Mackey’s comment: For a different geography for the Queen, though, see my article:


The Queen of Beer(sheba)


Jesse Toler continues:


However, the territory of Sheba and also Tema are mentioned in the Book of Job [6:19] and yet while the region was traveled by merchants and known to the Biblical writers, there is still no mention of Mecca.


Sheba is again discussed by the Prophet Isaiah [60:6] and nothing is said of Mecca or any dialectal variant of the name offered by Muslims. The Sabeans of Yemen never even mention the city either. The conclusion is evidently that Mecca was not in existence until long after Abraham’s journeys.


Following God’s expulsion of Hagar and Ishmael, life continues for Abraham and his only wife Sarah. A disputed well becomes a source of controversy with King Abimelech. This name may translate ‘Slave of Molech’. If this Biblical name were a derivative of the Canaanite name, that would serve as strong evidence that much of the Book of Genesis pre-dates Israel’s Kingdom Period and gives even greater evidence to the non-existence of Mecca during the period of Abraham’s travels, and an oath is sworn in Beersheba, again in Canaan [Genesis 21:22-34]. Later, Abraham is called to Mt. Moriah and the well known ‘binding of Isaac’ is played out. Mt. Moriah is also in Palestine, north of Beersheba. While the exact location is unknown, it only took Abraham three days to travel, so it could not have taken place in Mecca [Genesis 22]. An important observation here is that Isaac is called ‘your only son’ three times in this chapter. How can that be? Because Ishmael had already been sent away. He was to have no part of the covenant promised to Abraham and given to Isaac.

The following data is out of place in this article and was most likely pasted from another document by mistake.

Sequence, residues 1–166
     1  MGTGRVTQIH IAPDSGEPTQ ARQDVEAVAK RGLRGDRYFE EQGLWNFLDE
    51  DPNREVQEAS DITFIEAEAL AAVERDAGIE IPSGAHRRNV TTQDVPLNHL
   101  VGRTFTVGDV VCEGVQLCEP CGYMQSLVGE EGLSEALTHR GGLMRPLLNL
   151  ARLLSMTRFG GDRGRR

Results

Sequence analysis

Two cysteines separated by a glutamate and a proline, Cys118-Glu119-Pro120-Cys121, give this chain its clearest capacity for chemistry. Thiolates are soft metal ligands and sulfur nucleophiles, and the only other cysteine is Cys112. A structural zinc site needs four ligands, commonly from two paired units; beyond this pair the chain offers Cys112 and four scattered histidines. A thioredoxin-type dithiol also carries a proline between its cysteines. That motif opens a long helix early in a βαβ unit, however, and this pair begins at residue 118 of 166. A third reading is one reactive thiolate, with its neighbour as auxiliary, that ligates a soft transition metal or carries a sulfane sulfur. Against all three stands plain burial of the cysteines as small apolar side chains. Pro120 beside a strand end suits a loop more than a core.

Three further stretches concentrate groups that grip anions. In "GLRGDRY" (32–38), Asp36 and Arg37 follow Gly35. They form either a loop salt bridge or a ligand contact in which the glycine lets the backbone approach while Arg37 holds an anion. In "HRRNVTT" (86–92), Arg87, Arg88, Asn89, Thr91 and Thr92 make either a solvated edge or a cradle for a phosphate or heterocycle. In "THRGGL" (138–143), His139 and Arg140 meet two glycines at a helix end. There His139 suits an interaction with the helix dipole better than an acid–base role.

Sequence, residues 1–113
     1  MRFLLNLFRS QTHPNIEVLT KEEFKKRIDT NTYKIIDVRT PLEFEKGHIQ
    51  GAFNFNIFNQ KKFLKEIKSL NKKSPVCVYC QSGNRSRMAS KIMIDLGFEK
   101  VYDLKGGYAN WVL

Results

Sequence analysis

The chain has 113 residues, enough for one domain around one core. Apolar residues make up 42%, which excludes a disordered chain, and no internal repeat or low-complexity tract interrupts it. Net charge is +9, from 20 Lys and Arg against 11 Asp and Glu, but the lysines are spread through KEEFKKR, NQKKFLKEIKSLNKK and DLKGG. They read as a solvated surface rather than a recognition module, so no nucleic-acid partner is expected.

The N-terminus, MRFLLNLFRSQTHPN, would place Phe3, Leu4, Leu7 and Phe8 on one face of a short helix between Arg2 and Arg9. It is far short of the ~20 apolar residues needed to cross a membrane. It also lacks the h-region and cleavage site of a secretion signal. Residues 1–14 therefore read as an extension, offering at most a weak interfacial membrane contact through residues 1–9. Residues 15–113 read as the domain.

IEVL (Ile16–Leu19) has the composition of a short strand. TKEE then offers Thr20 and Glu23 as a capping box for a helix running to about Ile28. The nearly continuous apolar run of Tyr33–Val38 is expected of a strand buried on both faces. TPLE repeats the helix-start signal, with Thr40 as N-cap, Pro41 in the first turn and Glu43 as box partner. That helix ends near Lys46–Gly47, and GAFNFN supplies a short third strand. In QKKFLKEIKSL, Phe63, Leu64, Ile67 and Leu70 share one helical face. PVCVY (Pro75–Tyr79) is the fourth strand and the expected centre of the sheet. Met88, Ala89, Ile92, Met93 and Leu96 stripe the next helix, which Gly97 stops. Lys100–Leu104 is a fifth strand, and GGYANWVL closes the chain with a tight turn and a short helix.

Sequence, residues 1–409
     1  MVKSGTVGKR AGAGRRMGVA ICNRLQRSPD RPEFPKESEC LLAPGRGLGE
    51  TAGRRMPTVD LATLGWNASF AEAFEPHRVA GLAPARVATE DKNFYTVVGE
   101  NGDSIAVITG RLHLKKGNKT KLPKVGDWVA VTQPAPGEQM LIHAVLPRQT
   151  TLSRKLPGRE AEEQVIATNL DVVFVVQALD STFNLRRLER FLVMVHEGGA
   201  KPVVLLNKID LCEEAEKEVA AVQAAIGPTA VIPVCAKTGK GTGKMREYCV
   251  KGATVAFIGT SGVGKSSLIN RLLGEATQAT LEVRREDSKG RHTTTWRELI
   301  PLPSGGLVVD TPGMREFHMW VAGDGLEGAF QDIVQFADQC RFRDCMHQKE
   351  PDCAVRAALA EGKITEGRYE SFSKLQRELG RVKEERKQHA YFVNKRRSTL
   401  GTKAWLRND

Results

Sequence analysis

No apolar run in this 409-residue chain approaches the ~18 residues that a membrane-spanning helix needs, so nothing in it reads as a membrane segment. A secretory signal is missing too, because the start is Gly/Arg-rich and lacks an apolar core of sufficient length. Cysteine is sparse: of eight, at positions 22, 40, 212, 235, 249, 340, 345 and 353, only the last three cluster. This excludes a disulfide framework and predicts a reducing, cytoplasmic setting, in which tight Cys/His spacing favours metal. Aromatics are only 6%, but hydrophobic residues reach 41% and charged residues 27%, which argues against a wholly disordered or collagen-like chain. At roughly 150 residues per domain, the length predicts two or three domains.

Soon, we find that Sarah had died, and Abraham arranges for the purchase of the Cave of Machpela. Yet again he has not left Canaan [Genesis 23]. Here Muslims need to explain why God would allow Abraham to build a tomb in Canaan for his family, but then a temple 1,000 miles away in a barren region of the Hijaz. In chapter twenty-four, we find that Abraham had become ‘old in years’ [24:1] It was time to find a wife for Isaac. Note that Abraham had nothing to do with finding a wife for Ishmael. Abraham’s chief servant was selected for the task of conducting the search.